BEREA: Make the team out of training camp.
That’s all Washington Redskins rookie running back Alfred Morris was thinking about after hearing his name called in the sixth round of the NFL Draft in April.
The Redskins made Morris the 173rd pick out of Florida Atlantic University.
Just make the team out of training camp. Once in the door, who knows what can happen?
What the 5-foot-10, 218-pound Morris didn’t realize at the time was that Redskins coach Mike Shanahan was about to help mold another under-the-radar running back into a household name along the lines of Terrell Davis, Olandis Gary, Mike Anderson and Clinton Portis.
“I knew about the history, but I wasn’t thinking about a big year,” Morris said. “My initial thought was being thankful to be drafted and, two, just make the team. I wasn’t guaranteed a spot on this team, so I had to bust my butt in camp. My goal was to make the team, just make the team. And after that, the opportunity will come. When it does, make the most of it.”
Morris has already made the most of his opportunity, rushing for 1,228 yards and seven touchdowns on 253 carries heading into today’s game against the Browns.
He has produced the most prolific rookie rushing season in team history, eclipsing Reggie Brooks’ previous team record of 1,063 yards set in 1993.
“[Morris] runs hard,” Browns strong safety T.J. Ward said. “He’s a one-cut-and-go runner. He doesn’t have too much shake, but he’s very powerful and breaks a lot of tackles. We’ve just got to wrap up, make sure we get a couple helmets on him every time. When you start hitting running backs, most of the time, they seem not to run as hard.”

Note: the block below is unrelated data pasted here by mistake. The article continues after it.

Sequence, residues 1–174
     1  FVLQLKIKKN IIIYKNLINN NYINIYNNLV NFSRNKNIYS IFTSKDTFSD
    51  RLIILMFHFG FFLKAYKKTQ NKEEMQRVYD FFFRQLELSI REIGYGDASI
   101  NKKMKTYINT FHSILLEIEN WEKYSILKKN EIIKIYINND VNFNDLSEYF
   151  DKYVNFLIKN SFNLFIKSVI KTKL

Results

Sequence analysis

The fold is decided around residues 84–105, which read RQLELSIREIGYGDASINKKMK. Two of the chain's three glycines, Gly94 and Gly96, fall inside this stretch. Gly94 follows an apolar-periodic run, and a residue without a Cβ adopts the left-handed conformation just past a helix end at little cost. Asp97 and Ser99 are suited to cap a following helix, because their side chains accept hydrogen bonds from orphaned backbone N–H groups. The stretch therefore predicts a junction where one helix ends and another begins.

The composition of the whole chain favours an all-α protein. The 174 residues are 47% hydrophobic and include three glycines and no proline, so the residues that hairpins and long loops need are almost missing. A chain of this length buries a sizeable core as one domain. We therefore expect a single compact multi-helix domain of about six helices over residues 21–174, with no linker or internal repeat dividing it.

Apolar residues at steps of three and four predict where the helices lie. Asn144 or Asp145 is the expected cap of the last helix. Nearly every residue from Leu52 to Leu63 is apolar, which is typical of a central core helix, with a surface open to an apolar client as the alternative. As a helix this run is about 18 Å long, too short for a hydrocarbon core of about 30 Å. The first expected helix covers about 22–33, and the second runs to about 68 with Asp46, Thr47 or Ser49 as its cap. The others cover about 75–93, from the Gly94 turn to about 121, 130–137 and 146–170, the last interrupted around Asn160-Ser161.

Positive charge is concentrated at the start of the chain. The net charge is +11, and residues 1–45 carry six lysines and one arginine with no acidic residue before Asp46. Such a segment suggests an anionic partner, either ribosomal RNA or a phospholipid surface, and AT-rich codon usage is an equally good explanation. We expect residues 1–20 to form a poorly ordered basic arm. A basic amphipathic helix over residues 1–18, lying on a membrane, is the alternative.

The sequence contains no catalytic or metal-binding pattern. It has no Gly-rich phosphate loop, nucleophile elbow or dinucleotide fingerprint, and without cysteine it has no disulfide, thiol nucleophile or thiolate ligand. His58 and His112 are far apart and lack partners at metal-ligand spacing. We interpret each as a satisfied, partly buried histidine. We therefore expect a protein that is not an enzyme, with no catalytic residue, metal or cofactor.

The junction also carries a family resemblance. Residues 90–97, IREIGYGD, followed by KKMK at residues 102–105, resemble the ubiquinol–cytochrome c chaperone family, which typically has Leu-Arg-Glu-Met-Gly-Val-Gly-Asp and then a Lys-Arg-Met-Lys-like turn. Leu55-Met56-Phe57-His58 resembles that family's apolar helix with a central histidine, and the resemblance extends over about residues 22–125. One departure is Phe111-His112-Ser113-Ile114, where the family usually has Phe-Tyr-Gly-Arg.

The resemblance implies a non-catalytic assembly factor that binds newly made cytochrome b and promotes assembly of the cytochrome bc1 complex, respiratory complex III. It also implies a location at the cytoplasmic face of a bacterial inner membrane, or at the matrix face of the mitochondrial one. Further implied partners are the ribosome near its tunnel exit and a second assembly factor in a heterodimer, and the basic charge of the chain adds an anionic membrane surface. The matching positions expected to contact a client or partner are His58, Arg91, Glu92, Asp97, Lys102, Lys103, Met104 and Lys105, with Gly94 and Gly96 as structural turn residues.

Morris’ one-cut style fits perfectly into Shanahan’s zone running scheme. An added bonus is Morris’ ability to shed would-be tacklers, ranking first in the league with 17 broken tackles and third in rushing yards after contact (608).
“You watch him and he’s not going to give you a bunch of moves,” Browns linebacker D’Qwell Jackson said. “He’s a downhill, one-cut style guy — that works in the NFL. You attack your hole, make one cut and lean forward. Watch him on tape and very rarely is he going backwards. He’s going forwards most of the time.”
Morris is second in the NFL in rushing yards among rookie running backs and fourth overall. He has combined with rookie quarterback Robert Griffin III to give the Redskins a formidable attack.
“He’s a power runner who complements that offense well,” Jackson said. “He allows RG3 to make his throws because it sucks the entire defense up when you’re running, running, running, then hit ’em with a play-action for 20 yards. That puts a lot of stress on a defense.”
Led by Morris and Griffin, the Redskins lead the NFL in rushing at 167.5 yards per game.
“The combination of the two of them together benefits each of them,” Browns defensive coordinator Dick Jauron said. “They seem to have a good feel for what they’re trying to do, they execute it really well and the running back is a huge part of it. He is a really committed runner. He doesn’t make a lot of bad reads, he hits the hole and he’s hard to tackle. They pose a lot of problems.”
Morris and Griffin have injected a new dynamic into the Redskins’ offense.
“I am very confident in myself,” Morris said. “I knew what I was capable of doing and I waited for my opportunity and rolled with the punches. People looked at me and said I wouldn’t be this or I wouldn’t be that. I never listened to those naysayers. I just believed in myself and went out and did my job.”